As societies have evolved, so have our relationships and demands on the natural world, whether inside our homes or globally. My interest lies in making multidisciplinary artworks which address the reciprocal stories of human corruption and reliance on plants and our shared environment. The way farming and urban development has ordered the world and how it continues to shape us fascinates, humbles, and alarms me in equal measure. My installations, time-lapse, and photographic works analyze historical developments in botany, plant science, plant consciousness, and how we consistently underestimate plants’ predominance and influence over humanity. Concurrently, my use of stop-motion animation allows me to represent the past, present, and future of landscapes and architecture. These works simulate paths of habitat change and deconstruct cultural and corporate practices such as tourism and industrial engineering.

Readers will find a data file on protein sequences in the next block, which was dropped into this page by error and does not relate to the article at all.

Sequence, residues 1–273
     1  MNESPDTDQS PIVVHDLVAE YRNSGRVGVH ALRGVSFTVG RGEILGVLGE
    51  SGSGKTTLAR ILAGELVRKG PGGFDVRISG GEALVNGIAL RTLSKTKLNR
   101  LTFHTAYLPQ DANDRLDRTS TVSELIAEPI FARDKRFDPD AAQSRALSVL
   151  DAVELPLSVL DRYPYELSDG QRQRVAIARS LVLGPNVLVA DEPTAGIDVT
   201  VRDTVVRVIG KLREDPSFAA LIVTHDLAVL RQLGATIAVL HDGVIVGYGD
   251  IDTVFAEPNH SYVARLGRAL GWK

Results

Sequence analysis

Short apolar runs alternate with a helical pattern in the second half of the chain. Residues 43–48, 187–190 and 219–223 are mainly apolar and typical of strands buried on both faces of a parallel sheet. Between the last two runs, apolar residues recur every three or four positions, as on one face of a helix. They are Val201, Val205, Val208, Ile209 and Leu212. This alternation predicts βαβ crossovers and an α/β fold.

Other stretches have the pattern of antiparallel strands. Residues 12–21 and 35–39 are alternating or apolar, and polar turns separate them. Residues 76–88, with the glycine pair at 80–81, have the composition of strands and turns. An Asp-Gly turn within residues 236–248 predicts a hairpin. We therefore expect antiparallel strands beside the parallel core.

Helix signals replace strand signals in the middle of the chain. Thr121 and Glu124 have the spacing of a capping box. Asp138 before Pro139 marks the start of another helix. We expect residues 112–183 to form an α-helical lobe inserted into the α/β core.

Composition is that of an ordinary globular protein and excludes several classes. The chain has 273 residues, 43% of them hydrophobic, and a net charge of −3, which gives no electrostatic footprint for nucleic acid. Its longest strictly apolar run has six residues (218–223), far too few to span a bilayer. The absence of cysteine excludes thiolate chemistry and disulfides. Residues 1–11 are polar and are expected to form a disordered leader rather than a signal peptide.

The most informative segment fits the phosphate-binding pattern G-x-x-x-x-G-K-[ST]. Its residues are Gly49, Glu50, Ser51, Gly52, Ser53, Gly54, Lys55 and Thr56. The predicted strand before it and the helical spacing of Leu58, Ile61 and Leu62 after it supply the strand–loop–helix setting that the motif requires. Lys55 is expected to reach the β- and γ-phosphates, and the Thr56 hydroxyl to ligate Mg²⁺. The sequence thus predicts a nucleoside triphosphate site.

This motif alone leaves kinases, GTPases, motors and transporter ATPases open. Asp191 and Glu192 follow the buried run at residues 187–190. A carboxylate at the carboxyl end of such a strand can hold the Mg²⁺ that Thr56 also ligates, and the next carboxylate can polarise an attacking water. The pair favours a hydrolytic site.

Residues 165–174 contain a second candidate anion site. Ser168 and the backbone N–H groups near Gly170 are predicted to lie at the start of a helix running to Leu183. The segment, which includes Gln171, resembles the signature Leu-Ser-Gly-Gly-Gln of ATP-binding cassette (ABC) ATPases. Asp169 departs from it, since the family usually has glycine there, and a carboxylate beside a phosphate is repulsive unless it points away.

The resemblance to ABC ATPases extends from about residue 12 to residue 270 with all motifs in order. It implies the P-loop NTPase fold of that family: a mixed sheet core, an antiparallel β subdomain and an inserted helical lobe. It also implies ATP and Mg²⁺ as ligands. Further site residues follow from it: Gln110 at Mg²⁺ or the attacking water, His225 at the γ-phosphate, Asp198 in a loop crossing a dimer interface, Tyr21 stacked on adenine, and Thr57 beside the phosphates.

As a resource, water is usually undervalued here in the United States, and the Catawba River is no exception. Charlotte and its suburbs are completely at the mercy of its quality and quantity, and in some places that has meant being stretched to breaking point in recent years. The use of the water by Duke Energy continues to be a concern for government and environmentalists alike, and this video reveals one positive outcome of the call for toxic substance cleanup. The decommissioned coal power station at Riverbend closed in 2013, leaving behind huge ash ponds full of heavy metals and arsenic in close proximity to the river. Today the process of removing these hazardous remnants is well underway. Using both video and animation techniques, Catawba reflects on the industrialization of water by contrasting its vitality and beauty with its ability to redefine our communities and landscape, as well as obscure the past.
For more information and to check out Rob’s work, visit robcarter.net